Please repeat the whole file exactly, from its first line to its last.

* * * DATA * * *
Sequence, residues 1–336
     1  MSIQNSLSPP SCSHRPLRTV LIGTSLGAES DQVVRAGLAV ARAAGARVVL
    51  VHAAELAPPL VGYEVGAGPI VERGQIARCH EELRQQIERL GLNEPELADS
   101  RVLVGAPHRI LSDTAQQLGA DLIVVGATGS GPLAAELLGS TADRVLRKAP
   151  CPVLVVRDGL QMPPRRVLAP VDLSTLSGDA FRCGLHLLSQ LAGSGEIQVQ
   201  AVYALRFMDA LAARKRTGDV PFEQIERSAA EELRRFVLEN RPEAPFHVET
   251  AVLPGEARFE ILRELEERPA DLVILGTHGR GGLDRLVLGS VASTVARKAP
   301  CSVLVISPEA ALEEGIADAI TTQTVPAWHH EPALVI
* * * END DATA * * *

Sequence, residues 1–336
     1  MSIQNSLSPP SCSHRPLRTV LIGTSLGAES DQVVRAGLAV ARAAGARVVL
    51  VHAAELAPPL VGYEVGAGPI VERGQIARCH EELRQQIERL GLNEPELADS
   101  RVLVGAPHRI LSDTAQQLGA DLIVVGATGS GPLAAELLGS TADRVLRKAP
   151  CPVLVVRDGL QMPPRRVLAP VDLSTLSGDA FRCGLHLLSQ LAGSGEIQVQ
   201  AVYALRFMDA LAARKRTGDV PFEQIERSAA EELRRFVLEN RPEAPFHVET
   251  AVLPGEARFE ILRELEERPA DLVILGTHGR GGLDRLVLGS VASTVARKAP
   301  CSVLVISPEA ALEEGIADAI TTQTVPAWHH EPALVI